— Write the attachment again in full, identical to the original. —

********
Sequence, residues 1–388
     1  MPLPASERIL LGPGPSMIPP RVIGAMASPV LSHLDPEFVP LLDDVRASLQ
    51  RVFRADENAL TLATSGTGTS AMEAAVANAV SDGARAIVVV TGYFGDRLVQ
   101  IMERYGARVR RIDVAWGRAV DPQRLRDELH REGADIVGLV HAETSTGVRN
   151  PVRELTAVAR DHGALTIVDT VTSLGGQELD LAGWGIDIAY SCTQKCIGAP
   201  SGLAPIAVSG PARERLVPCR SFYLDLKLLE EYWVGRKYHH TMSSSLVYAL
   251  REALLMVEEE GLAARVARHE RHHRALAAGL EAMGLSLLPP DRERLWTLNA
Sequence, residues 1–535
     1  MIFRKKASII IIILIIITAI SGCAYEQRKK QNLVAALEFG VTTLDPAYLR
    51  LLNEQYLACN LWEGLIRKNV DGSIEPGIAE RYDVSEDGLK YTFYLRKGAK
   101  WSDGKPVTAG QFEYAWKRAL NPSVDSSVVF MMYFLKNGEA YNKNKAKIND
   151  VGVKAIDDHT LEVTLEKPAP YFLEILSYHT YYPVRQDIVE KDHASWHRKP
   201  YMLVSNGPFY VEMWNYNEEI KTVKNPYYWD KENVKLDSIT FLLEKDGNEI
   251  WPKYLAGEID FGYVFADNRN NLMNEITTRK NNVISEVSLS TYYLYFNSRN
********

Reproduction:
Sequence, residues 1–388
     1  MPLPASERIL LGPGPSMIPP RVIGAMASPV LSHLDPEFVP LLDDVRASLQ
    51  RVFRADENAL TLATSGTGTS AMEAAVANAV SDGARAIVVV TGYFGDRLVQ
   101  IMERYGARVR RIDVAWGRAV DPQRLRDELH REGADIVGLV HAETSTGVRN
   151  PVRELTAVAR DHGALTIVDT VTSLGGQELD LAGWGIDIAY SCTQKCIGAP
   201  SGLAPIAVSG PARERLVPCR SFYLDLKLLE EYWVGRKYHH TMSSSLVYAL
   251  REALLMVEEE GLAARVARHE RHHRALAAGL EAMGLSLLPP DRERLWTLNA
Sequence, residues 1–535
     1  MIFRKKASII IIILIIITAI SGCAYEQRKK QNLVAALEFG VTTLDPAYLR
    51  LLNEQYLACN LWEGLIRKNV DGSIEPGIAE RYDVSEDGLK YTFYLRKGAK
   101  WSDGKPVTAG QFEYAWKRAL NPSVDSSVVF MMYFLKNGEA YNKNKAKIND
   151  VGVKAIDDHT LEVTLEKPAP YFLEILSYHT YYPVRQDIVE KDHASWHRKP
   201  YMLVSNGPFY VEMWNYNEEI KTVKNPYYWD KENVKLDSIT FLLEKDGNEI
   251  WPKYLAGEID FGYVFADNRN NLMNEITTRK NNVISEVSLS TYYLYFNSRN